“Social media has allowed people to visualize their experience [and] allows me to connect worlds and communities that otherwise wouldn’t connect,” said BreeAnne who was joined by award-winning Hampton University student and Miss Liberia USA Nupol Kiazolu and Filipina American mental health and healing advocate Kim Saira.
Moderated by David Miguel Molina, a Pitt communications lecturer, panelists explained how social media creates a sense of agency for marginalized individuals and communities. They also recounted experiences like being arrested for peacefully protesting that have informed how they “show up” online.
“It’s about building and emphasizing that bridge [between online and off],” BreeAnne said. “Social media and engaging online are not enough, just like reading a book or taking a class are not enough. Now that you’ve garnered a platform, how are you going out into your community or providing resources to solve what’s happening?”
“It’s important we don’t emphasize the digital space as a means to an end,” BreeAnne continued. “The digital space is a tool to enact change in the real world.”
Real world applications and solutions
During their Wednesday session, Duquesne University public health professors Ahmad Khanijahani and Faina Linkov presented on racial and socioeconomic disparities in the context of the pandemic.
“We need to be working on risk communication because risk perception is different for different ethnic groups, specifically minorities,” said Linkov, whose recent work focused on youth perceptions of COVID-19 messaging and pandemic parties. “We need to effectively communicate and customize messages.”
Khanijahani shared his 2021 case studies, which focused on county-level health care and COVID-19 disparities in the U.S. In them, he found a positive association between COVID-19 deaths and racial segregation.
“Health is impacted by various factors including access to health care, socioeconomic status, our environment, decisions and habits,” said Khanijahani. “If we want to make a difference, we should factor in policies that will decrease disparities.”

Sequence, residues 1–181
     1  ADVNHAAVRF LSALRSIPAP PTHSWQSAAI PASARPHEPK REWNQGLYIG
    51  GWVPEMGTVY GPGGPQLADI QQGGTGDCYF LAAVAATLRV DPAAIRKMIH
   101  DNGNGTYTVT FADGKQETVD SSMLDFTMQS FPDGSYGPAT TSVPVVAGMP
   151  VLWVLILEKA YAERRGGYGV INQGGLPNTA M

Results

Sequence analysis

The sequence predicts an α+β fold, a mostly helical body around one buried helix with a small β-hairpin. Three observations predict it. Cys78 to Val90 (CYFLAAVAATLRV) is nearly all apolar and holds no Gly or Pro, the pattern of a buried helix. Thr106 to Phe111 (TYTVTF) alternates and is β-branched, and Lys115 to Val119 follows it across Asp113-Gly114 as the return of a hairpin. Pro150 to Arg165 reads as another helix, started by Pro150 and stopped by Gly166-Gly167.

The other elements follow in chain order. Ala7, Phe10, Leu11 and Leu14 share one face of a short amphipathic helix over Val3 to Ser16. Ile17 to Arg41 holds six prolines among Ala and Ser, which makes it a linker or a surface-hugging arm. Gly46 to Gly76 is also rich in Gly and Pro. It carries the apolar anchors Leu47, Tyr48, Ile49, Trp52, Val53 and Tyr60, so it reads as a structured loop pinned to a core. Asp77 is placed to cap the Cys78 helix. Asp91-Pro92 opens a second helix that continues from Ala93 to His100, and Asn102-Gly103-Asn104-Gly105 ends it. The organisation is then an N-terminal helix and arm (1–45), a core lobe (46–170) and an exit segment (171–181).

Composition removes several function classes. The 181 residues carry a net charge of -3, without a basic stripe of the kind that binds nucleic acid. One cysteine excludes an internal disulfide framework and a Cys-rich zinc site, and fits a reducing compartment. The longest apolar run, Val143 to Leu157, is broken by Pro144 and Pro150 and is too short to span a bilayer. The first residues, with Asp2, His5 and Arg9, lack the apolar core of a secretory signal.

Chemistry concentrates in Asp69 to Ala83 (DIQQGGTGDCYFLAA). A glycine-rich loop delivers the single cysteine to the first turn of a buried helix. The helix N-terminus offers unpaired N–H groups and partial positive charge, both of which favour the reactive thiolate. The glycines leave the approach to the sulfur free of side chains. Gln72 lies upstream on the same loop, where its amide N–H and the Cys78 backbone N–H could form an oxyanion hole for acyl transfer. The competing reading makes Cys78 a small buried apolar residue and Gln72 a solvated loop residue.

In another session, Urban Studies Program Director Michael Glass moderated a discussion between the president and CEO of the Hill Community Development Corporation Marimba Milliones and author, columnist and scholar Andre M. Perry. They considered the legacy of redlining and its present-day consequences.
“Cities like Pittsburgh may still be carrying the burden of disinvestment that happened as a result of redlining,” said Marimba, a native of Pittsburgh’s Hill District, which she said was without a grocery store for over 30 years. “We secured one that then closed in less than five years. Grocery stores are heavily driven by economics which is heavily driven by redlining.”
Healing and progress
Activism isn’t easy. In the final session of the forum, “A Time for Grace and Healing,” moderated by Associate Dean of Students for Wellness Jay Darr, panelists emphasized the need for self-care and gave tips on how to practice it.
Self-care can take many forms including spirituality, physical wellness and embracing one’s identity, panelists said.
Humor writer Virginia Montanez said laughter is a valuable tool for self-care, along with accepting one’s emotions.
“Part of self-care for me is I really have to remind myself that my emotions are valid, and that it's okay to feel them and to process them. If you're speaking with someone that won't recognize your emotions, or tries to invalidate them, that's gaslighting,” Montanez said. “It's okay to feel the way you're feeling.”
Felicia Friedman, founder and CEO, YogaRoots On Location, encouraged the audience to come together to look inward. “Self-care, for me, is really a response to internalized oppression. And in turn, the only person that I can point to in terms of internalizing oppression is me. I have to take care of myself so that I can be as balanced and loving for myself and I can extend that to other people.”
— Donovan Harrell and Kara Henderson